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Wheat economy of India: a study of the growth, development and international trade prospects by Vasant P. Gandhi, Zhang-Yue Zhon and John Mullen (Working Paper, No. 2000-06-11/1611

By: Gandhi, Vasant P.
Contributor(s): Zhon, Zhang-Yue | Mellor, John.
Material type: materialTypeLabelBookPublisher: Ahmedabad Indian Institute of Management 2000Description: 35 p.Subject(s): Wheat trade - IndiaDDC classification: WP 2000-06-11 (1611) Summary: India is now the second largest producer of wheat in the world even though it is only the seventh largest in land area. It produces about 70 million tons of wheat per year or about 12 per cent of the world production. Being second largest in population, it is also second largest in wheat consumption, after China, with a huge and growing wheat demand. What is the nature of the wheat economy of India? How has wheat production increased in India? Will it be able to keep pace with consumption growth? What are the prospects and the market environment for international trade? This paper seeks to explore and examine these issues. Analysis indicates that depending on the rate and nature of economic growth, a 4 to 5 per cent annual rate of growth in the demand for wheat is likely in the near future, given the population growth and the income elasticity of demand. Wheat production may be expected to grow at about 2 to 3 per cent per year considering the various constraints. The outcome will depend substantially on the rate and nature of economic development in India. Good performance in economic development will lead to a deficit whereas slow economic development will lead to a surplus. Promoting rapid economic development which includes the poor and particularly the rural poor will lead to significant growth in demand.
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Working Paper Vikram Sarabhai Library
WP 2000-06-11 (1611) (Browse shelf) Available WP001611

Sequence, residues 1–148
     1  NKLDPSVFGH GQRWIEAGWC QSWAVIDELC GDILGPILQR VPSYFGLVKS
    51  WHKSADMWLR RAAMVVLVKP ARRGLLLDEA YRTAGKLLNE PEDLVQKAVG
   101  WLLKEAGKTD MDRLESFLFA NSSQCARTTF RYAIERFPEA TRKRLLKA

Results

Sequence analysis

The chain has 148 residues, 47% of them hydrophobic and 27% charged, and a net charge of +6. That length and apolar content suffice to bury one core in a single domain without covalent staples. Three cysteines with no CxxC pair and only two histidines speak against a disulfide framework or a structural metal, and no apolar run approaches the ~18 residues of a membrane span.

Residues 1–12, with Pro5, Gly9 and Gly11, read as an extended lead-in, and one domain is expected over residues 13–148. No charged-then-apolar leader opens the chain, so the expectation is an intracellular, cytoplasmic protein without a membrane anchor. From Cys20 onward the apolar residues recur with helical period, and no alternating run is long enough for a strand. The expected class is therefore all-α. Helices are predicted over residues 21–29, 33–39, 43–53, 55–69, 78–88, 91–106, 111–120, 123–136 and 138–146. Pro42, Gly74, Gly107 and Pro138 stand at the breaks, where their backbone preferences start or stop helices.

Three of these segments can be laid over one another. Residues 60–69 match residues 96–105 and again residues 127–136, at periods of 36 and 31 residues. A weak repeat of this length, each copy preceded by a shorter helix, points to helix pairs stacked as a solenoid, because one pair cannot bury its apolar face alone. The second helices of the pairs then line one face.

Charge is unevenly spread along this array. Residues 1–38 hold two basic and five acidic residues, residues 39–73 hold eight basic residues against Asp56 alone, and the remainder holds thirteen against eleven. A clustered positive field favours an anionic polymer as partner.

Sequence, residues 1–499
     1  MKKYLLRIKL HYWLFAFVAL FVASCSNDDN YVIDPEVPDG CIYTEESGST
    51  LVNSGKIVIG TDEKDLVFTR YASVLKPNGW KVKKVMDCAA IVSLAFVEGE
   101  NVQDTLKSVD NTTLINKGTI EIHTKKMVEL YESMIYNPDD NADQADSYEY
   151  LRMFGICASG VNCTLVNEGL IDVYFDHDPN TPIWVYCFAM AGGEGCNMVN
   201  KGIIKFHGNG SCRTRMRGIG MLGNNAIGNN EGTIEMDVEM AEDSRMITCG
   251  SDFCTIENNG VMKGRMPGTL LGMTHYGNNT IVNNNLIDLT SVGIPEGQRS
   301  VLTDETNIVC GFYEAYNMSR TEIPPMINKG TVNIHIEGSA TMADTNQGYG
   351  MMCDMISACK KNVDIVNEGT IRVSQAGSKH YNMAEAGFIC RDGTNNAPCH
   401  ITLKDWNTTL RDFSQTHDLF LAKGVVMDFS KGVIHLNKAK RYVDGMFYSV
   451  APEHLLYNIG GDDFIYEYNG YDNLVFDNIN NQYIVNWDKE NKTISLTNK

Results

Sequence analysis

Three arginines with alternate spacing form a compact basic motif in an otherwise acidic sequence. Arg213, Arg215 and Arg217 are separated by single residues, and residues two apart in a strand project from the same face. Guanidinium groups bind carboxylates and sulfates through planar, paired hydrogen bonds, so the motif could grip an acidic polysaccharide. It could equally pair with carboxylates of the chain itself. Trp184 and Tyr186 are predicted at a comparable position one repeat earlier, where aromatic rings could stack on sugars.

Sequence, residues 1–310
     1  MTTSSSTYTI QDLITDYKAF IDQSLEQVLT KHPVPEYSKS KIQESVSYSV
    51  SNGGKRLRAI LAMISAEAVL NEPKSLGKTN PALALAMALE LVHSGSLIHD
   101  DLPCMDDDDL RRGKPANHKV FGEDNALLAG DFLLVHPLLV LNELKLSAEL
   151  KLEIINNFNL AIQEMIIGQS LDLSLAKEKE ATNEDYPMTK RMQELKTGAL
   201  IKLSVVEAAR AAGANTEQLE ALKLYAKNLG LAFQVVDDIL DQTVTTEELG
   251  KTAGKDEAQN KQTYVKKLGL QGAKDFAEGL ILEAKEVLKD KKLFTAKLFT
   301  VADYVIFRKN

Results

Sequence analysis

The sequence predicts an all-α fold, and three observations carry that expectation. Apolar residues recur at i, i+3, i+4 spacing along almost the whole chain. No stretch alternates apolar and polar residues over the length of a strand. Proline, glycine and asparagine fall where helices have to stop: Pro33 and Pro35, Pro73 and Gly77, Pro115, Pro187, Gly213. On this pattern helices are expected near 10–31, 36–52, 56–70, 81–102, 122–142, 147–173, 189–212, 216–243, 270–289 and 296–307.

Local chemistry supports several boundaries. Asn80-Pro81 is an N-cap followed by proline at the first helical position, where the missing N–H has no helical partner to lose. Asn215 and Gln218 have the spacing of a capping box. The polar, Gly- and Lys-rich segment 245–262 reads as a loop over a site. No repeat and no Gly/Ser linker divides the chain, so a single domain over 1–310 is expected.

India is now the second largest producer of wheat in the world even though it is only the seventh largest in land area. It produces about 70 million tons of wheat per year or about 12 per cent of the world production. Being second largest in population, it is also second largest in wheat consumption, after China, with a huge and growing wheat demand. What is the nature of the wheat economy of India? How has wheat production increased in India? Will it be able to keep pace with consumption growth? What are the prospects and the market environment for international trade? This paper seeks to explore and examine these issues. Analysis indicates that depending on the rate and nature of economic growth, a 4 to 5 per cent annual rate of growth in the demand for wheat is likely in the near future, given the population growth and the income elasticity of demand. Wheat production may be expected to grow at about 2 to 3 per cent per year considering the various constraints. The outcome will depend substantially on the rate and nature of economic development in India. Good performance in economic development will lead to a deficit whereas slow economic development will lead to a surplus. Promoting rapid economic development which includes the poor and particularly the rural poor will lead to significant growth in demand.

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